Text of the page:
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UK Oil Reserves and Estimated Ultimate Recovery 2009

Introduction

Reserves data were collected from each UKCS operator during February and March 2010. Oil reserves include both oil and the liquids obtained from gas fields. Oil reserves are summed in the Oil Table below at different probability levels to give a range of estimates from proven to the maximum level.

The oil reserves presented are in both sanctioned fields (i.e. fields in production or approved fields under development but not yet producing) and other significant discoveries not yet fully appraised. The latter comprise discoveries for which there is an intended field development and a provisional start date. Proven, probable and possible reserves for a large number of individual fields have simply been summed to give the totals shown. There is, thus, a much smaller likelihood that the true figure for total oil reserves is outside the range of estimates than when considering probabilities for an individual field.

Cumulative oil production to the end of 2009 has been added to (remaining) oil reserves to give the estimated ultimate recovery figures.

Reserves and Estimated Ultimate Recovery in the Oil Table below are presented in metric units (million tonnes) to facilitate comparison with other energy resources and the inclusion of natural gas liquids. The UK Oil Reserves figures are also available in "field units" in Appendix 1 where we have used the approximate conversion factor of 1 tonne of crude oil = 7.5 barrels.

Notes on Oil Table

  1. Includes onshore as well as offshore fields. All figures include condensate, gas liquids and liquefied products.
  2. All entries are rounded to the nearest one million tonnes.
  3. Maximum is the sum of proven, probable and possible reserves.
  4. The oil reserves include 2 (8) proven, 4 (8) probable and 2 (7) possible million tonnes in approved fields under development but not yet producing.
  5. Cumulative oil production includes 53 (53) million tonnes from decommissioned oil fields.

Note that there are also "Potential additional resources" (PARs) in fields and drilled prospects for which there are no current plans for development.

Stacked Graph To Show Change in Oil Reserves and Production from 1979 to 2009

The chart shows how cumulative production and estimated ultimate recovery of oil have both grown over time. Proven plus probable reserves have tended to decline since 1994.

Review of UK Oil Reserves

The change in UK oil reserves during 2009 arises from a combination of:

  • production during the year;
  • reserves additions from new field developments including those resulting from recent exploration success;
  • reserves revisions in established fields.

Oil production was 68 million tonnes in 2009.

There was a net reallocation of 2 million tonnes from Potential Additional Resources (PARs) and exploration to probable reserves but a net reallocation of 13 million tonnes of possible reserves back to PARs.

From the Oil Table it can be seen that the central estimate of (remaining) oil reserves based on proven plus probable reserves now stands at 769 million tonnes which is a decrease of 1 million tonnes compared to last year. Taking annual oil production of 68 million tonnes into account this leaves a proven plus probable reserves replacement of 67 million tonnes.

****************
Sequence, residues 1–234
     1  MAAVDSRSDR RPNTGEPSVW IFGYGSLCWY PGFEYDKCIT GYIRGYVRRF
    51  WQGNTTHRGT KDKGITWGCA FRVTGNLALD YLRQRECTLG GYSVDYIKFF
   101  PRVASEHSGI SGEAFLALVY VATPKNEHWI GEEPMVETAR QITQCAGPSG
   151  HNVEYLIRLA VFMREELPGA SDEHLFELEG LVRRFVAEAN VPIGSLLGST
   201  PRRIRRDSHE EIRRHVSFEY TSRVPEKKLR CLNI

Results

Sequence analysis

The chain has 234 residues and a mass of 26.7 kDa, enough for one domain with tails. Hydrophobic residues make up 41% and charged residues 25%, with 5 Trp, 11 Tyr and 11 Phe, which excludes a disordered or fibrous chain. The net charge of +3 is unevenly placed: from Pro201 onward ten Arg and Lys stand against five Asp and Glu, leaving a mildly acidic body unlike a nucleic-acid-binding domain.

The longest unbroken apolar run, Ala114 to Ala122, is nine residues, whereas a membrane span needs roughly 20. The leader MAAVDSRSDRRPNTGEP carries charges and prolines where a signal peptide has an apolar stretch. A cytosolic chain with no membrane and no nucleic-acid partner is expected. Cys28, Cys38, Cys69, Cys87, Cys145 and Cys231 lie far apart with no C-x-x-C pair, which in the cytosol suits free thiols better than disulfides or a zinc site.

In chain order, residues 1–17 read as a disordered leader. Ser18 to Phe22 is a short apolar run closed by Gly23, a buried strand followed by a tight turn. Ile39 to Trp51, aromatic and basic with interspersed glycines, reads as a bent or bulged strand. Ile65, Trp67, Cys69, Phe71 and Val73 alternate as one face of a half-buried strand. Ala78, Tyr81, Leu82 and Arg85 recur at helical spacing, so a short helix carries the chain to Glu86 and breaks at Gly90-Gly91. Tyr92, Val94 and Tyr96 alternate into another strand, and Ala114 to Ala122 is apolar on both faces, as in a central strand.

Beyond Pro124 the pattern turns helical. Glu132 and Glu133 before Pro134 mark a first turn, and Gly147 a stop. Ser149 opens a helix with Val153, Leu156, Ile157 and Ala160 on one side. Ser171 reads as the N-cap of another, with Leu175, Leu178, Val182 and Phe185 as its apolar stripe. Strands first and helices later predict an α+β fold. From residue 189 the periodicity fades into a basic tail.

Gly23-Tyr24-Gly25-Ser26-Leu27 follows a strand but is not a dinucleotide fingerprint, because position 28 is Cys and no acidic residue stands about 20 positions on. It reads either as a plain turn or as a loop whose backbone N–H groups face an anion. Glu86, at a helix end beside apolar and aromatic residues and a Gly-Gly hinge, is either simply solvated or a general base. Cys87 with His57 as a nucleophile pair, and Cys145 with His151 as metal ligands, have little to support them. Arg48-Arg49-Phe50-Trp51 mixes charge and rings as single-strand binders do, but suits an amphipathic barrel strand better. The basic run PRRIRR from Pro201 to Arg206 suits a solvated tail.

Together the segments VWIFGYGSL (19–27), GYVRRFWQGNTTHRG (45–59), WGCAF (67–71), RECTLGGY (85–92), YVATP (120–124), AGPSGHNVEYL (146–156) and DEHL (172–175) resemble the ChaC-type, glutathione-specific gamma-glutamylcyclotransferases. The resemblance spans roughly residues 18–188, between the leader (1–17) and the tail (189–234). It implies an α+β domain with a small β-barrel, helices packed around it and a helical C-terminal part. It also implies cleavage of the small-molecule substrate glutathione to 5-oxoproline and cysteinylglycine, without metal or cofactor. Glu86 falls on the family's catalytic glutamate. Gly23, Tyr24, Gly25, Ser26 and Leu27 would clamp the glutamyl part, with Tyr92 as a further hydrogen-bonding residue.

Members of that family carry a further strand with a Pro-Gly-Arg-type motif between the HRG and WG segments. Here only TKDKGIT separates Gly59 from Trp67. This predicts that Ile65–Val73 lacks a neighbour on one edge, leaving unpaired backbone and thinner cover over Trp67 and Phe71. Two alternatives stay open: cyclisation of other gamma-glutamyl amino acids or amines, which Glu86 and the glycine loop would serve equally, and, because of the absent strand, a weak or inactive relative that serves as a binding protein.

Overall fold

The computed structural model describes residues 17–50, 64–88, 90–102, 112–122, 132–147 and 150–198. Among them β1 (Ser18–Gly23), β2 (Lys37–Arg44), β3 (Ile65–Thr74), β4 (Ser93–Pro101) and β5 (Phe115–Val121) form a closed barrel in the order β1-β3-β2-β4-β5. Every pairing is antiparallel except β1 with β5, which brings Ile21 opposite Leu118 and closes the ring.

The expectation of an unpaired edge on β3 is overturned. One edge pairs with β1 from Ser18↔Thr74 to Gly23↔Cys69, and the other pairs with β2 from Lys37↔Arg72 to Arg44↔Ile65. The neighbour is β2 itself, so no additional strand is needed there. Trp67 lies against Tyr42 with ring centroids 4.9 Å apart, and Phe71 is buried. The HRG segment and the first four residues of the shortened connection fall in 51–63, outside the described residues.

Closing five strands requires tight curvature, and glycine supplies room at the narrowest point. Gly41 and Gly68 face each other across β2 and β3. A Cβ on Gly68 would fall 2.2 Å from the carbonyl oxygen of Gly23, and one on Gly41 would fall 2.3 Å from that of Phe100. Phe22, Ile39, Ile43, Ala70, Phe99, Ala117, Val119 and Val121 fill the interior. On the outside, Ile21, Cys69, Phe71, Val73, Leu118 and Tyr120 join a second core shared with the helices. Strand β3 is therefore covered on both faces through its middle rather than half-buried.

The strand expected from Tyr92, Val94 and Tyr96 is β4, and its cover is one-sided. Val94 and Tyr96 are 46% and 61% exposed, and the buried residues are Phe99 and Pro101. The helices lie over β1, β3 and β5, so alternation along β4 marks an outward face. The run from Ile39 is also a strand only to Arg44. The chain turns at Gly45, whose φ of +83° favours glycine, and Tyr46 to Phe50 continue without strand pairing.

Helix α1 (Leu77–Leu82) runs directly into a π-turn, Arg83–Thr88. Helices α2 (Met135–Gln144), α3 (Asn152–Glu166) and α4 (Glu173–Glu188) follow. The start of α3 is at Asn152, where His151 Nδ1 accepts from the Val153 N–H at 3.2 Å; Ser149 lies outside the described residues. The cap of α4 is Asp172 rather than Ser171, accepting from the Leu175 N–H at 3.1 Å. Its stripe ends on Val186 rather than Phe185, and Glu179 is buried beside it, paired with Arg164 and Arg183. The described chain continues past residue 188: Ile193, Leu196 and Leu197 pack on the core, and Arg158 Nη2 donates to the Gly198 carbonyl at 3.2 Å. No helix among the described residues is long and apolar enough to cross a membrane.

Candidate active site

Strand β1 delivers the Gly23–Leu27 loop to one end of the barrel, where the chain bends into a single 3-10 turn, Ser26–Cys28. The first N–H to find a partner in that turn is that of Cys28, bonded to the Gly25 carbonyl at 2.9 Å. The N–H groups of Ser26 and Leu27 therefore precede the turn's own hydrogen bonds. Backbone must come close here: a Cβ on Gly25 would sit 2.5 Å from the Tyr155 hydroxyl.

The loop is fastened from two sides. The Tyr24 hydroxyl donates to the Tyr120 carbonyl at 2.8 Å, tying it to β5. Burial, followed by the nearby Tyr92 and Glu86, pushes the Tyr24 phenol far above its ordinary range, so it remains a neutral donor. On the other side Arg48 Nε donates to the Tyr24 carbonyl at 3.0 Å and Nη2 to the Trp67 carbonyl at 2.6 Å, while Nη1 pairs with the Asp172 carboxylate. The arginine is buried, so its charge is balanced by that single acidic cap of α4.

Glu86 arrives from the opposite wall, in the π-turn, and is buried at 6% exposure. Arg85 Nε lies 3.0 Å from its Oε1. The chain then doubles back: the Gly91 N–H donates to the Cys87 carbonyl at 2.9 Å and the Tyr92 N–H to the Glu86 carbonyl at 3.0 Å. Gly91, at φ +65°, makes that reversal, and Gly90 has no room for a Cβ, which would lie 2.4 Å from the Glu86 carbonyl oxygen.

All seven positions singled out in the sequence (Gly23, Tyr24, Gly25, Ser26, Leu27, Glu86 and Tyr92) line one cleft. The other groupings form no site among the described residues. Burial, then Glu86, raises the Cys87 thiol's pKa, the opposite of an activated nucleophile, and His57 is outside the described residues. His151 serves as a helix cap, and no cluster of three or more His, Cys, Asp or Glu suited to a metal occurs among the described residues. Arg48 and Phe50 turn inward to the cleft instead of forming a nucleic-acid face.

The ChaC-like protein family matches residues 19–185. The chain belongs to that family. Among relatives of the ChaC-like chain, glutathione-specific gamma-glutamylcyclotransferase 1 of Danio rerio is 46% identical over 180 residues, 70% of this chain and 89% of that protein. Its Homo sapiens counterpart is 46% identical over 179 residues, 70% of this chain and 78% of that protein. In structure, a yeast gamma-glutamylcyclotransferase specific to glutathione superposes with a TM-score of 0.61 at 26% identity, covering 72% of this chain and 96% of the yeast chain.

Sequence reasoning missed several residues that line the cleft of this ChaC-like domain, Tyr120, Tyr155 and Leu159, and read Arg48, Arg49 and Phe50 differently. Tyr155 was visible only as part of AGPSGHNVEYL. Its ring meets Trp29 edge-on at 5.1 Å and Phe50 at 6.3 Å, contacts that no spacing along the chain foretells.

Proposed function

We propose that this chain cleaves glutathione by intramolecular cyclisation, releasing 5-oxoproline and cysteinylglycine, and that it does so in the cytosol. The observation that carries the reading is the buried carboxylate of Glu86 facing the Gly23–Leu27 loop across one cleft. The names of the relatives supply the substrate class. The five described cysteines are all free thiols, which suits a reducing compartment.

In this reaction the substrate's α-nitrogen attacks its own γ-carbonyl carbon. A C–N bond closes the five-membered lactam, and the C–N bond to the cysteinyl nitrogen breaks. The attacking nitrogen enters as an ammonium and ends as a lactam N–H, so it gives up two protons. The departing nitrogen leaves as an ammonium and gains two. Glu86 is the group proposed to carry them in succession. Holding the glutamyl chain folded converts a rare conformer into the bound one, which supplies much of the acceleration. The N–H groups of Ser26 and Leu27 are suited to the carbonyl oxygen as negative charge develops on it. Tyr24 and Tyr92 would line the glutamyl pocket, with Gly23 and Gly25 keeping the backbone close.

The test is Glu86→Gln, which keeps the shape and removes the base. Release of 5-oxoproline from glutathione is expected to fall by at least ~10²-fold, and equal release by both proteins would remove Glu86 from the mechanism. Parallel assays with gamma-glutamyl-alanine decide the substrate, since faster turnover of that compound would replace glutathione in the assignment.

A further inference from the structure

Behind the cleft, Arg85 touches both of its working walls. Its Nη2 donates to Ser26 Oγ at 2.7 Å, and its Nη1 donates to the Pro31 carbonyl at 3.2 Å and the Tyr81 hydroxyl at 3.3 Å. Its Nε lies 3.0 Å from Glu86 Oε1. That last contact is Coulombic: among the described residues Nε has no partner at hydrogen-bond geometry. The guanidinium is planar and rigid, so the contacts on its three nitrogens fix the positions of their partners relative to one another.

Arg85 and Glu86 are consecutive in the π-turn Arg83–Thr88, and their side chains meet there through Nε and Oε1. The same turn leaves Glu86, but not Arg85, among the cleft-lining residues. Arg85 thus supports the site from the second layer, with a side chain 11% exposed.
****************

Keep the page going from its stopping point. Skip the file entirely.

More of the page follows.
Proven oil reserves at the end of 2009 stand at 378 million tonnes, which is 30 million tonnes less than at the end of 2008. After accounting for production, there has been a net transfer of 38 million tonnes from probable to proven oil reserves. The main contributing factor to this was the reallocation of probable reserves into the proven category in some producing fields, although development approval during 2009 of several new oil fields including Auk North, Bardolino and Burghley also contributed.

Probable oil reserves have increased from 361 to 390 million tonnes. The increase of 29 million tonnes in probable oil reserves reflects a large reallocation of possible reserves to probable reserves in the light of a number of successful appraisal wells during 2009.

Possible oil reserves have decreased by 17 million tonnes. The decrease in possible reserves reflects the reallocation of possible to probable reserves mentioned above, together with some downward revisions in possible reserves in existing fields and the reallocation of possible reserves back to PARs.

Maximum oil reserves (remaining), combining proven plus probable plus possible reserves figures, have decreased by 19 million tonnes to 1,111 million tonnes.

Review of UK Estimated Ultimate Recovery of Oil
(i.e. Oil Reserves plus Cumulative Production)

Estimated ultimate recovery of oil has increased at all three levels this year. At the proven plus probable level, the estimated ultimate recovery of oil has increased by 67 million tonnes and now stands at 4,152 million tonnes. At the proven level it has increased by 38 million tonnes to 3,761 million tonnes. Maximum estimated ultimate recovery of oil, combining proven plus probable plus possible reserves figures, has increased by 50 million tonnes to 4,494 million tonnes.

Cumulative oil production to the end of 2009 stood at 3,383 million tonnes.

 

 

This data was last updated on : September 2010 and is due to be updated on : September 2011


John Webber
email: john.webber@decc.gsi.gov.uk
phone: +44 (0) 1224 254069
fax: +44 (0) 1224 254018